Baller Artwork Inspired by the Prints behind Japanese Tattoos

Baller Artwork Inspired by the Prints behind Japanese Tattoos

Andrew Archer takes Japanese tattoos to the paint, making basketball themed depictions of the very same figures seen in ukiyo-e.

Have you ever been looking at ukiyo-e (Japanese woodblock prints from the Edo period) and thought to yourself, “What would Japan under shogunate rule have been like if basketball had already been invented?” If this is the sort hypothetical that tends to occupy your thoughts, you’re in luck, because a like-minded artist, Andrew Archer, has an awesome series of paintings entitled Edo Ball. He combines his love of the game and passion for Japanese woodblock prints to create tomahawk dunking yokai and tattooed geishas that could break your ankles with a sick crossover dribble.

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“I'm inspired by both individually, in a big way. I've played basketball my entire life, and I am a huge fan of basketball and Japanese art.” Archer explained to Creators. “I lived in Asia previously and the culture of Japan and their approach to arts have always amazed me. The dedication to the craft, the storytelling, and the stylistic values of ukiyo-e are so inspiring to me."

"The Bunny" by Andrew Archer (IG—andrewtarcher). #AndrewArcher #baskerball #Japanese #ukiyoe #paintings #woodblockprints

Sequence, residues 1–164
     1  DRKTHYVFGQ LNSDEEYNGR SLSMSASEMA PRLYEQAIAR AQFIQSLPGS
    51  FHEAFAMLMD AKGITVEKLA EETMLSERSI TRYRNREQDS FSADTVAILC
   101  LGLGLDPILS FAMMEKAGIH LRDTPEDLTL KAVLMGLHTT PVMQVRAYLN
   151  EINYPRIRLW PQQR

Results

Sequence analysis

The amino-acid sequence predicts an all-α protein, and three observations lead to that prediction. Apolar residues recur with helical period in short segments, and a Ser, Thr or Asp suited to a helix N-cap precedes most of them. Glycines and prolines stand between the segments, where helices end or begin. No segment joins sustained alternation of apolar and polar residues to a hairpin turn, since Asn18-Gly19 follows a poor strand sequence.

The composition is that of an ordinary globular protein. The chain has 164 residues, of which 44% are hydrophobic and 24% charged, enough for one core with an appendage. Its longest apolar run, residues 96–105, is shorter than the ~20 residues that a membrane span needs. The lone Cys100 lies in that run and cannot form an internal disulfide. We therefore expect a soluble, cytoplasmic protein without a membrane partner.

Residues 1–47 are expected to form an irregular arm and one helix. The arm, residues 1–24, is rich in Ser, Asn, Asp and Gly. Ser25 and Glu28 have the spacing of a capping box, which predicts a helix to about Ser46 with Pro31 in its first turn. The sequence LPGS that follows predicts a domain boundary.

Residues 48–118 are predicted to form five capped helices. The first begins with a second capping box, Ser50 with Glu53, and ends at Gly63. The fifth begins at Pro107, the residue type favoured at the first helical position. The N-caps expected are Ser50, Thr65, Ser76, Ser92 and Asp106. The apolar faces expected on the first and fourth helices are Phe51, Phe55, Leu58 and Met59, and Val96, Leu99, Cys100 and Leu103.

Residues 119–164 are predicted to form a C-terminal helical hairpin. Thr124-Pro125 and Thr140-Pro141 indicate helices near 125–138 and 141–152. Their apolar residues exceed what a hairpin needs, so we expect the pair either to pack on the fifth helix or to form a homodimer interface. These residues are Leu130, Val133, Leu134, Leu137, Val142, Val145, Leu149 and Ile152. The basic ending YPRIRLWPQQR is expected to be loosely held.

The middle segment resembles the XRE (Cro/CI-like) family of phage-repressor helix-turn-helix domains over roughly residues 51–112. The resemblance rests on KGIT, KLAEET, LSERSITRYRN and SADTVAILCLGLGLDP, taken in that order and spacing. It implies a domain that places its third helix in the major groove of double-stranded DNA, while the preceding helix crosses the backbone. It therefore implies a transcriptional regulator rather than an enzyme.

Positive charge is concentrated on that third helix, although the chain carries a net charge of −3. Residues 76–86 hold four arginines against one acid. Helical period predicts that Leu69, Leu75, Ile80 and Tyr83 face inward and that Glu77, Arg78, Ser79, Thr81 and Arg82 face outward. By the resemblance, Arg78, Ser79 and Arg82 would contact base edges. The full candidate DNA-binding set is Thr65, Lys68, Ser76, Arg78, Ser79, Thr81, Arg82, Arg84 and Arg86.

Edo Ball consists of 10 paintings, which feature modernized ukiyo-e style figures who are decked out in sweat bands, jerseys, and Jordans. Archer bases many of them on Hall of Famers and depicts them in athletic poses — dribbling down the court, passing the rock, throwing elbows, and catching hang time. The incredible sense of energy in each of the paintings makes them exciting to take in, but it’s the concepts they embody that truly make them a spectacle to behold. He doesn’t just paint a basketball, he illustrates how it is an object of desire.

"The Reign Man" by Andrew Archer (IG—andrewtarcher). #AndrewArcher #baskerball #Japanese #ukiyoe #paintings #woodblockprints

We’re used to seeing players in the NBA who are covered in tattoos, and these ukiyo-e inspired characters are no different. But instead of featuring just the style preferred among the pros, Archer gives a shout-out to his homeland by prominently featuring Maori designs on his characters, which makes his compositions reflect our increasingly cross-cultural age and how both basketball and art have the power to bring us all together in a playful way.

"The Ghost" by Andrew Archer (IG—andrewtarcher). #AndrewArcher #baskerball #Japanese #ukiyoe #paintings #woodblockprints

To see the rest of Archer’s Edo Ball, make a fast break to his website, where you can also read more about the stories behind each of the paintings and even buy awesome apparel and prints based on them. Until next time, keep practicing those free throws, you ukiyo-e loving sports fans.

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